When most people think of a brand, they immediately think of products like cola drinks, diapers, or coffee. But a brand is so much more than that. Research tells us that branding a product or service helps simplify consumer decision making and conjures up associations that are emotional, evaluative, and informational.
Did you ever stop to think that the way people think about your CPC/PCC is in part because of the "brand identity" that you've built with each ad, logo use, and personal experience a young woman has when she comes to your center? It's true.
The awareness of your center and the services it offers and the knowledge prospective clients have about it before they walk through the door are key to your starting and building an effective relationship. Add to that the experiences of others who give word-of-mouth testimony to what you are and the services you provide. These relationships may lead to the saving of the life of an unborn child and the spiritual life of the mother.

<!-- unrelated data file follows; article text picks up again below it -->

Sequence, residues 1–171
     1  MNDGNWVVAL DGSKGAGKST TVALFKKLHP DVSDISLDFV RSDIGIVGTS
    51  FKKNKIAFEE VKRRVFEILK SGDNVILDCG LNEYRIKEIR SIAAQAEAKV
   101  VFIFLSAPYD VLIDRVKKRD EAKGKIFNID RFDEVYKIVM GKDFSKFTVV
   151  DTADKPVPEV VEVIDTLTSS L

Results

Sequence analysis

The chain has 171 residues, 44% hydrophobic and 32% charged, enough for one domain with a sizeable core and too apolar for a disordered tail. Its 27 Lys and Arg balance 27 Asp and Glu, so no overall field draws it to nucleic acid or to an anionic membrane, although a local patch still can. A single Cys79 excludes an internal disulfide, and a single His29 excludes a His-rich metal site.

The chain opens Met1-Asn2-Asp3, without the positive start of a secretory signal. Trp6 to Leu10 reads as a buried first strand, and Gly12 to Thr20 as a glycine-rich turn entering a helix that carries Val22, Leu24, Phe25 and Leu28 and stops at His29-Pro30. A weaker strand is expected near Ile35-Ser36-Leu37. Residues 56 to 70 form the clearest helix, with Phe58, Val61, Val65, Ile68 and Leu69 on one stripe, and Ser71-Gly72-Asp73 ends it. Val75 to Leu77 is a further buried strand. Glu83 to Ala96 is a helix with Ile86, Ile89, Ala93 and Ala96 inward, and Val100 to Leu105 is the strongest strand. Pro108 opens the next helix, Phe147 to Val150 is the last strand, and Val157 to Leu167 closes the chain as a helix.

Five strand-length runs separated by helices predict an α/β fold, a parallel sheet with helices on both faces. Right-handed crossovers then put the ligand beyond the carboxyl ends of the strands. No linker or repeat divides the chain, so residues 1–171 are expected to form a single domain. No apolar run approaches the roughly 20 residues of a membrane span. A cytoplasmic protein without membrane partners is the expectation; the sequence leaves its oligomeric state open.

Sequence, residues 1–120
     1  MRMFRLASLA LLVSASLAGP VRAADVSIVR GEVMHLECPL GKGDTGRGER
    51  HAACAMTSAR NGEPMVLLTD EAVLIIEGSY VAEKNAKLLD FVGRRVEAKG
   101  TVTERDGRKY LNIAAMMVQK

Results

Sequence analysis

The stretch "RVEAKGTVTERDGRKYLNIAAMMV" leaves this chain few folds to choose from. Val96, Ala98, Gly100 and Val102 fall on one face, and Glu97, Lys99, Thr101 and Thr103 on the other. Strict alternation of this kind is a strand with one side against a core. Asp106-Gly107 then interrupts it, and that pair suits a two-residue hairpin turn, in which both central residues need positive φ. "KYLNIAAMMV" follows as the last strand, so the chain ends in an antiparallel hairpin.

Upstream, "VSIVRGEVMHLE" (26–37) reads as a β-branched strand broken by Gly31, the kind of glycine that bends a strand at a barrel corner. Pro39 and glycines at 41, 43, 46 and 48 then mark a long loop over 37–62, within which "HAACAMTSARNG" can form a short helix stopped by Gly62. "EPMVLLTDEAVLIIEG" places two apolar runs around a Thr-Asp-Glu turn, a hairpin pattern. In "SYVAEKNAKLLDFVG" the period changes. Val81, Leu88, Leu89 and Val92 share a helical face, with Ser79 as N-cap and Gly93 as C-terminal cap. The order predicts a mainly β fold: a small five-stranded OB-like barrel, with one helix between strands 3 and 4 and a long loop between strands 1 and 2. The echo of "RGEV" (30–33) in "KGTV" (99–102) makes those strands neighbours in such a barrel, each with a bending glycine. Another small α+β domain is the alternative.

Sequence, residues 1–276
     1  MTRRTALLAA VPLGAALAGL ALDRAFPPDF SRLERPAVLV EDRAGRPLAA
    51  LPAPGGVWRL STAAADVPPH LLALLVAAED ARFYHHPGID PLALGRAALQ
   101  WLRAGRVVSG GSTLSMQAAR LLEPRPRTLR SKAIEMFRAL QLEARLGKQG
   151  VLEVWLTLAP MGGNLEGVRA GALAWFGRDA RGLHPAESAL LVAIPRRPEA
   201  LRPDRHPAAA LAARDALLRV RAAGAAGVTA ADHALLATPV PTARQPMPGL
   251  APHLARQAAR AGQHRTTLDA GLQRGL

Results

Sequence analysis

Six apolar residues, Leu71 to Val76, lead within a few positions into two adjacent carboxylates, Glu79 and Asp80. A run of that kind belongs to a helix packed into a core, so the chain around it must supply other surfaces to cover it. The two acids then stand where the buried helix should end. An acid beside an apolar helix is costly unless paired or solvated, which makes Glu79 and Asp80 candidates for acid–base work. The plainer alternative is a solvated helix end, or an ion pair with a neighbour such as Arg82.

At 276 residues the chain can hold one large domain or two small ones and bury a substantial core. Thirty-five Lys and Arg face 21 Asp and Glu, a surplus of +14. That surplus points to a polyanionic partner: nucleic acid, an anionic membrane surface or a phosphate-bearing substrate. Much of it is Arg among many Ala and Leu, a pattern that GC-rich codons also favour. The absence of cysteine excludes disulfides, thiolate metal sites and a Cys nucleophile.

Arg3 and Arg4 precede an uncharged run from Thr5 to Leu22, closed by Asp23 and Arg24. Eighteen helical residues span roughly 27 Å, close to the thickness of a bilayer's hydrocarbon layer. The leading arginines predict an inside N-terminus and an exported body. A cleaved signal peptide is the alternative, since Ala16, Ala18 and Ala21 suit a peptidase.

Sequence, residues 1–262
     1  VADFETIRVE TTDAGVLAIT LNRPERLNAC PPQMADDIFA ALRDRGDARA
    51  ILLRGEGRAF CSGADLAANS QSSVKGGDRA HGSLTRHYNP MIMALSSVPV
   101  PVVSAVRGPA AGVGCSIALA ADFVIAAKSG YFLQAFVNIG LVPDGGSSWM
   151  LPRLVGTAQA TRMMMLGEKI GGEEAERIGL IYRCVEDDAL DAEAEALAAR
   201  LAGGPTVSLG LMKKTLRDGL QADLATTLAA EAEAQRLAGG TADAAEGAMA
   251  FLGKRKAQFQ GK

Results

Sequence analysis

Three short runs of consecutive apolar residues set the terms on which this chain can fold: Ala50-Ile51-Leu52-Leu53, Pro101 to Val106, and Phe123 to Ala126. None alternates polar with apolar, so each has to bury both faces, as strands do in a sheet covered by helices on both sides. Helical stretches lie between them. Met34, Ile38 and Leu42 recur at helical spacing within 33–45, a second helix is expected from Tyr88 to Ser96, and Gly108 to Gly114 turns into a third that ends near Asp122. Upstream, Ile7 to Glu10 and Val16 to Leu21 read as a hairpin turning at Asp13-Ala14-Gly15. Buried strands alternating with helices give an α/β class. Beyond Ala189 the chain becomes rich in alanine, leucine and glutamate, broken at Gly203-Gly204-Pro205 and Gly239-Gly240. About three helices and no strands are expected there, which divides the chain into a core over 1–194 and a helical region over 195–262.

In reality, a brand is like a person. We relate to it just like we would a flesh and blood human being when we give it respect and allegiance and invest time and money with it. It needs to be represented well by the graphics used to express it, by the people who work to present it, and by the place in which the services it represents are rendered.
In the critical time line of finding, reaching, teaching, and redeeming your client's life, the first thing that will probably find them is something that has to do with the way in which you are expressing "brand." Perhaps a review of all the ways in which you and your team of volunteers are touching the public—from the stationery and signage to the surveys, direct mail pieces, brochures, and public displays you use—is in order for your center.
Jerry Thacker is president of Right Ideas, Inc., and publisher of At the Center. He can be reached at firstname.lastname@example.org.